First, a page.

Amid crisis there is reason to hope – if we come together to pursue social justice
Decent work is key to social justice, opening up a world of possibilities on food, health, education and a safe and clean environment.
Coming out of the recent World Economic Forum at Davos, I reflected on what the current state of affairs means for the world of work and the Sustainable Development Goals.
The WEF rightly observed that we are at an inflection point. The world is facing several overlapping global crises – conflict, a global economic downturn, and the devastating effects of climate change among others. We had hopes, coming out of the COVID-19 pandemic, that we could build forward better, that we could focus on climate change action and on rescuing the Sustainable Development Goals, as called for by the UN Secretary-General. But these hopes have been upended by a fresh crisis in food and energy, caused by the outbreak of the war in Ukraine.
In the world of work, our recent report: World Employment and Social Outlook: Trends 2023 also paints a troubling picture. Global employment growth will be only 1.0 per cent in 2023, less than half the level of 2022. Global unemployment is slated to rise slightly in 2023, by around 3 million, to 208 million. This would mark a reversal of the decline in global unemployment seen between 2020-2022. The current slowdown means that many workers will have to accept lower quality jobs, often at very low pay, sometimes with insufficient hours. Furthermore, as prices rise faster than nominal labour incomes, the cost-of-living crisis risks pushing more people into poverty, including millions who are being pushed below the poverty line. This trend comes on top of significant declines in income seen during the COVID-19 crisis, which affected low-income groups worst in many countries. As a result, we see a rise in inequality in many parts of the globe, raising the spectre of increasing social tensions.
Many businesses are also struggling with the impact of these multiple crises, with small and micro-enterprises being particularly vulnerable.
Yet, thinking back to the discussion in Davos, where the focus was on cooperation, I also came away with the impression and conviction that there is hope: there is a willingness and determination in the international world to work together. There is also an emerging understanding that we must collaborate to address economic, social and environmental concerns on an equal basis. In this endeavour, the 2030 Agenda must remain our guiding framework for multilateral action.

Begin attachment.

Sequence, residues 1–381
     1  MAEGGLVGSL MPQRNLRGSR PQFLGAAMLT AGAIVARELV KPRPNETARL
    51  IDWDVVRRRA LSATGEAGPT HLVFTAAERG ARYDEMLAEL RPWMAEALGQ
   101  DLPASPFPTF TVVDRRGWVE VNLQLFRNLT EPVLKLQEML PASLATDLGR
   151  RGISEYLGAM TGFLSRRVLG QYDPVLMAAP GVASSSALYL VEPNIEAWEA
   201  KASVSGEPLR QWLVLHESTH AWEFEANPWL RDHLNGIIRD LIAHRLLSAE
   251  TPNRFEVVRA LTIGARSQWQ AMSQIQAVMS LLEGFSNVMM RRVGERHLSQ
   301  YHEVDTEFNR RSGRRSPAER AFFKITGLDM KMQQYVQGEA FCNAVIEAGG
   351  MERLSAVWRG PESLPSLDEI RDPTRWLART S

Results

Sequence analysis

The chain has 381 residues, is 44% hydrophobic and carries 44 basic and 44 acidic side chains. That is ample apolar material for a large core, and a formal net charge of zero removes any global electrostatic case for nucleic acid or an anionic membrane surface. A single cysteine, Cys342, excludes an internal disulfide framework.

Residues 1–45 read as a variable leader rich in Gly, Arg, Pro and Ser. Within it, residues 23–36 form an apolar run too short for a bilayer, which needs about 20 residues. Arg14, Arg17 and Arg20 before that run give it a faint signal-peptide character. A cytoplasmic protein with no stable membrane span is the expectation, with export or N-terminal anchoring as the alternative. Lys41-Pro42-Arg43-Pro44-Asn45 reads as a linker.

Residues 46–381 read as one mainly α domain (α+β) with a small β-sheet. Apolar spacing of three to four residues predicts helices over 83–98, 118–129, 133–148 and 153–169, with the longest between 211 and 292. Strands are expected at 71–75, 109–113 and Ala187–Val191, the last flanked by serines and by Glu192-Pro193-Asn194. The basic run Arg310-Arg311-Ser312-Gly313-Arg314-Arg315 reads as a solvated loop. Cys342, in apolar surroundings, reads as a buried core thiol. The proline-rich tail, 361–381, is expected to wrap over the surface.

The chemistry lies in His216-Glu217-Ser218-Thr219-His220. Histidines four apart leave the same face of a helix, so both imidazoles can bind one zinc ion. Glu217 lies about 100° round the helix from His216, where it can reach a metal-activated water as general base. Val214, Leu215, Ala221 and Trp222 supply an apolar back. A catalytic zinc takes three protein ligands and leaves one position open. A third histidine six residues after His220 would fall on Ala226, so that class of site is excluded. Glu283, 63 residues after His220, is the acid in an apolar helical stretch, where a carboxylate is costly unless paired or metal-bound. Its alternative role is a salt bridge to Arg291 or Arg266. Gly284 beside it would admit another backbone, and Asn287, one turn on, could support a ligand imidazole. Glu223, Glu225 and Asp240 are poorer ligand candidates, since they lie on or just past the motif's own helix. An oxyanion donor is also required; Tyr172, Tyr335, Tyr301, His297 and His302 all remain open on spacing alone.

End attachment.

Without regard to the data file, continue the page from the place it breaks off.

SDG 8 on Decent Work and Sustainable Economic Growth sits at the heart of the 17 SDGs – and rightly so. Labour standards, employment policies, social protection and social dialogue are more important than ever. Indeed, decent work is central to all of our lives and goes far beyond the workplace. It is the pathway out of poverty and a core element of sustainable development. This is why aspects of the ILO’s decent work agenda are also included in many other SDGs: from poverty reduction, food security, health, and inequality, to the range of environmental goals which need just transitions, and the quest for peace, justice and strong institutions.
We therefore have the elements in place to accelerate the action needed on the social dimension of sustainable development. The world of work, centred around SDG 8 and related goals, is a good entry point in this regard. Combined actions, global and national, are crucial in countries which confront massive decent work deficits and excessive inequalities while their financial resources and institutional capacities are limited.
When we think of social justice, we think of fairness, of equality, of having the means – and the right – to a dignified life. Decent work is key to social justice, opening up a world of possibilities on food, health, education and a safe and clean environment.
However, social justice is more than an aspiration. It is doable. We learned from the COVID-19 pandemic that it is possible for countries to work together.
That is why I have hope that together, we can work towards social justice in a broad coalition, enabling societies and economies to function better and to reduce poverty, inequalities and social tensions, and put in motion a just transition to greener, sustainable, and fairer economies.
We should heed the call from Davos and cooperate in this fragmented world to move ahead on the path towards sustainable development via the SDGs. This year the International Labour Organization will be bringing together a Global Coalition for Social Justice. Achieving SDG 8 on decent work will help turn aspiration for an equal, just world into a reality.
Gilbert F. Houngbo is Director-General of International Labour Organization
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